US 20040111653 A1
A method and system are disclosed for running a manufacturing-level test program on an installed processor by interrupting processor execution of a non-test process. Periodic execution of the manufacturing-level test program allows the processor to continually self-test during normal function operation, in order to facilitate proper maintenance and function of the processor and a data processing system of which the processor is a part.
1. A method of testing a processor installed within a data processing system, the method comprising:
executing a first process on the processor while the processor is in a non-test mode of operation;
interrupting execution of the first process;
executing a manufacturing level test program that tests the processor; and
executing a second process on the processor in the non-test mode.
2. The method of
in response to the interrupting execution of the first process, saving a hard architected state of the first process in a memory.
3. The method of
saving a soft state of the first process.
4. The method of
5. The method of
6. The method of
7. A processor that supports self-testing while installed in a data processing system, the processor comprising:
at least one execution unit;
an instruction sequencing unit coupled to the at least one execution unit; and
a programmable memory, within the processor, coupled to the instruction sequencing unit and containing a manufacturing-level test program, wherein the processor executes the manufacturing-level test program between execution of non-test processes.
8. A data processing system comprising:
a plurality of processors including a processor in accordance with
a volatile memory hierarchy coupled to the plurality of processors; and
an interconnect coupling the plurality of processors.
9. A processor that supports self-testing while installed in a data processing system, the processor comprising:
at least one execution unit;
an instruction sequencing unit coupled to the at least one execution unit; and
a programmable memory, within the processor, coupled to the instruction sequencing unit and containing a manufacturing-level test program, wherein the processor executes the manufacturing-level test program upon an interrupt of a non-test process executing on the processor.
10. A data processing system comprising:
a plurality of processors including a processor in accordance with
a volatile memory hierarchy coupled to the plurality of processors; and
an interconnect coupling the plurality of processors.
11. A processor that supports self-testing while installed in a data processing system, the processor comprising:
means for executing a first process on the processor in a non-test mode;
means for interrupting execution of the first process;
means for executing a manufacturing level test program; and
means for executing a second process on the processor in the non-test mode.
12. The processor of
means, responsive to the interrupting execution of the first process, for saving a hard architected state of the first process in a memory.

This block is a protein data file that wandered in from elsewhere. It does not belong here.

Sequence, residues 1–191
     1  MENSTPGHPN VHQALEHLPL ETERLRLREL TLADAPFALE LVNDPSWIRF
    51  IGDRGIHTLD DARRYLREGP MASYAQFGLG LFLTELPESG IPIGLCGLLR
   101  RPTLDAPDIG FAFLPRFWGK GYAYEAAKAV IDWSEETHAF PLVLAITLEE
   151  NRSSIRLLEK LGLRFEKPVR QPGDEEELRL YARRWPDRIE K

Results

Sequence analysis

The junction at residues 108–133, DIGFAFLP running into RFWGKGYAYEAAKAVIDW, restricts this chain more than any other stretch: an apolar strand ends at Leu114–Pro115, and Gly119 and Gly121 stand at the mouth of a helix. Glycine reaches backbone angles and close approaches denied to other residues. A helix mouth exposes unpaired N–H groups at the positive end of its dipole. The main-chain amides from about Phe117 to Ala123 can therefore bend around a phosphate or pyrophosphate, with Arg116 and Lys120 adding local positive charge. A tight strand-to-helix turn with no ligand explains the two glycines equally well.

13. The processor of
means for saving a soft state of the first process.
14. The processor of
15. The processor of
16. The processor of
 The present invention is related to the subject matter of the following commonly assigned, copending United States patent applications which are filed on even date herewith: Ser. No. ______ (Docket No. AUS920020161US1); Ser. No. ______ (Docket No. AUS920020163US1); Ser. No. ______ (Docket No. AUS920020164US1); Ser. No. ______ (Docket No. AUS920020165US1); Ser. No. ______ (Docket No. AUS920020166US1); and Ser. No. ______ (Docket No. AUS920020167US1). The content of the above-referenced applications are incorporated herein by reference in their entireties.
 1. Technical Field
 The present invention relates in general to the field of data processing, and, in particular, to an improved data processing system and method for handling interrupts.
 2. Description of the Related Art
 When executing a set of computer instructions, a processor is frequently interrupted. This interruption may be caused by an interrupt or an exception.
 An interrupt is an asynchronous interruption event that is not associated with the instruction that is executing when the interrupt occurs. That is, the interruption is often caused by some event outside the processor, such as an input from an input/output (I/O) device, a call for an operation from another processor, etc. Other interrupts may be caused internally, for example, by the expiration of a timer that controls task switching.
 An exception is a synchronous event that arises directly from the execution of the instruction that is executing when the exception occurs. That is, an exception is an event from within the processor, such as an arithmetic overflow, a timed maintenance check, an internal performance monitor, an on-board workload manager, etc. Typically, exceptions are far more frequent than interrupts.
 The terms “interrupt” and “exception” are often interchanged. For the purposes of this disclosure, the term “interrupt” will be used to describe both “interrupt” and “exception” interruptions.
 As computer software and hardware have become more complex, the number and frequency of interrupts has increased dramatically. These interrupts are necessary, in that they support the execution of multiple processes, handling of multiple peripherals, and performance monitoring of various components. While such features are beneficial, the consumption of computing power by interrupts is increasing so dramatically that it is outstripping processing speed improvements of the processor(s). Thus, in many cases system performance is actually decreasing in real terms despite increasing processor clock frequencies.